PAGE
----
Two Cheers for President Obama's Speech at the National Defense University

By Mike Dorf In commemoration of Memorial Day Weekend, I'd like to (mostly) praise President Obama for his speech late last week at the National Defense University.  I'll begin with the praise. Obama is already being criticized by the right for abandoning a policy of targeting al Qaeda leadership just when, by his own lights, it has succeeded in weakening the organization.  If we take our foot off the gas now, they say, won't al Qaeda use the opportunity to rebuild?  That is a legitimate question--or it would be if it were posed by people who don't simply oppose a policy on the ground that the President supports it. In any event, although Obama did not directly address this anticipated criticism in his speech, the speech contains an implicit answer: The costs of going after "core" al Qaeda at full throttle now outweigh the benefits.  Those costs include gigantic sums of money that could be put to better use at home or abroad; civilian casualties; puttin

Schnitzel and Stuff

-- Posted by Neil H. Buchanan In a post last week , I mentioned in passing that I am currently in Austria.  In fact, I am the PwC Visiting Professor of Law at Wirtschafts Universitat Wien (the University of Business and Economics in Vienna).  I am here for one month, teaching a course and delivering various lectures and seminars.  Yesterday evening was the big event, my featured lecture with a panel of discussants, in which I explained the U.S. debt ceiling and the dangers for the world economy and financial system that would result from putting the President in a trilemma .  (The gift that keeps on giving.) My hosts at WU are fantastic, and the students (many Austrians, of course, as well as many from around Europe and the world) are top notch -- masters and doctoral students, some pursuing pure tax degrees, while others are involved in interdisciplinary programs. Because this is the last post that I am scheduled to write during my stay here, and because I have been somewhat und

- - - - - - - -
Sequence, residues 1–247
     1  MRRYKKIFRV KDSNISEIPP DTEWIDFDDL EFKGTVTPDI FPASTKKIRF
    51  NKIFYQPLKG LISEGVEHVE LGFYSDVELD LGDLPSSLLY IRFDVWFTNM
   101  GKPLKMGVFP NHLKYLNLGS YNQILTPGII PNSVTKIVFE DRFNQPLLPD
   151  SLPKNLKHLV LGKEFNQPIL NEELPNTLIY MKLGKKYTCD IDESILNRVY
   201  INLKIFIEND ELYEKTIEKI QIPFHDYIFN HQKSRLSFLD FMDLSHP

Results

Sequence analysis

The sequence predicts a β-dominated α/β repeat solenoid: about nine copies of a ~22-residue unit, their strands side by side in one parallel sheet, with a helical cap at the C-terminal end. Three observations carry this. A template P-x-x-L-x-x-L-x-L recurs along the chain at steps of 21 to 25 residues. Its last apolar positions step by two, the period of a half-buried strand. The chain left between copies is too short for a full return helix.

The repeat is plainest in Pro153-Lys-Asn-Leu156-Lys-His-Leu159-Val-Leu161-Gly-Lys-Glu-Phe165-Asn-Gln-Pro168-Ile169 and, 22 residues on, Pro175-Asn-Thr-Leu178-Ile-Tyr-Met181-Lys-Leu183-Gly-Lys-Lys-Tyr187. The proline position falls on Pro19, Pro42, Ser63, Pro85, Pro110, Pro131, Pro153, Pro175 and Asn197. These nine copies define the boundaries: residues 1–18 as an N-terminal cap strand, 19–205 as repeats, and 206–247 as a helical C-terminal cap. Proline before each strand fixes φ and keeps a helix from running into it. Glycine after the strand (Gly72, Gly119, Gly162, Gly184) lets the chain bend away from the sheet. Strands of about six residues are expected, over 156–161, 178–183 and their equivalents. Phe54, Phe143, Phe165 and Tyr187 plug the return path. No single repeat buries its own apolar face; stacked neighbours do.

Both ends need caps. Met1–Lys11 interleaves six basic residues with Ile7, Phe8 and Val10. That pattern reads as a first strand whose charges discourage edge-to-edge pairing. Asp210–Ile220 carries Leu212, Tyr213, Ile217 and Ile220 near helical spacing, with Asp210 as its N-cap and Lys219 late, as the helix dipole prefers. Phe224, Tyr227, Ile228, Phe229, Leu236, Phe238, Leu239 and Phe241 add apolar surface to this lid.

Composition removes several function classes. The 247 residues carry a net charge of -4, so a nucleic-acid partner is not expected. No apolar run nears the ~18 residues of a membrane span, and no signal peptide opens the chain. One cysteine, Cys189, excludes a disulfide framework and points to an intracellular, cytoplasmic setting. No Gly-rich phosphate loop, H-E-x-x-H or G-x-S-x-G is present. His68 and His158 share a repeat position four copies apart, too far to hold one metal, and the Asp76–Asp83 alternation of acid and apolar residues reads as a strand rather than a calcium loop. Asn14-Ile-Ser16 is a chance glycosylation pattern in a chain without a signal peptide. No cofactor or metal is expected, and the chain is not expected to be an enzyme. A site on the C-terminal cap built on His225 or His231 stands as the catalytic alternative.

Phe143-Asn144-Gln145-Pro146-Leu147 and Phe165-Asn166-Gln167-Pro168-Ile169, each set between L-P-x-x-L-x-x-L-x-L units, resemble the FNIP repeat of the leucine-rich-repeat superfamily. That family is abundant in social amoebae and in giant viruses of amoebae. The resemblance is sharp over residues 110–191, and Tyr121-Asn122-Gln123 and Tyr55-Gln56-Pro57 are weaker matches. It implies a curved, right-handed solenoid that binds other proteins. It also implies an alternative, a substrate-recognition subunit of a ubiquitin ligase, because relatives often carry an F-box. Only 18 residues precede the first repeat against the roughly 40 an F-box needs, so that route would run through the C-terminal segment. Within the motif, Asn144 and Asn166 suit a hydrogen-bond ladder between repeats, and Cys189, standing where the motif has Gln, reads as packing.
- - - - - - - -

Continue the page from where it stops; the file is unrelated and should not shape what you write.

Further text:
Subsituting Non-IRS for IRS Governance of Federal Activities

-- Posted by Neil H. Buchanan My new Verdict column today takes a different angle on the non-scandal-scandal involving the IRS.  I address the ubiquity of "tax expenditures," which are the "tax cuts" that Congress (on a VERY bipartisan basis) loves to pass, but which are the equivalent of direct spending by the federal government (mortgage interest deductions, research and development tax credits, child tax credits, excludibility of employer-provided health insurance, and on and on and on and on).  Both methods of subsidizing favored activities have the same impact on deficits and debt, but Congress (especially, of course, Republicans in Congress) loves tax expenditures and hates government spending. I have always been a bit of an outlier among tax scholars in my attitude about tax expenditures.  The standard view, which has a great deal to be said for it, is that Congress should stop mislabeling spending as tax reductions, essentially because it is better fo

How Much More of a Fiction is Due Process Notice for a Person with a Mental Impairment Than For a Person Without One?

By Mike Dorf My new Verdict column discusses Monday's SCOTUS decision in Metrish v. Lancaster .  Writing for a unanimous Court, Justice Ginsburg's opinion says that regardless of whether Lancaster's due process rights were violated when he was not permitted to offer a diminished capacity defense that was on the books at the time of the crime charged, the Michigan state court decision denying him that opportunity was not an "unreasonable" interpretation of Supreme Court case law; thus, under the Antiterrorism and Effective Death Penalty Act (AEDPA), the Court said that Lancaster was not entitled to habeas relief.  My column locates Lancaster and AEDPA in the decades-long retreat from expansive notions of habeas as a collateral remedy expounded during the Warren Court era. Here I want to ask the question that the Court finds unnecessary to reach in light of AEDPA's deferential standard of review of state court applications of federal law: Were Lancaster'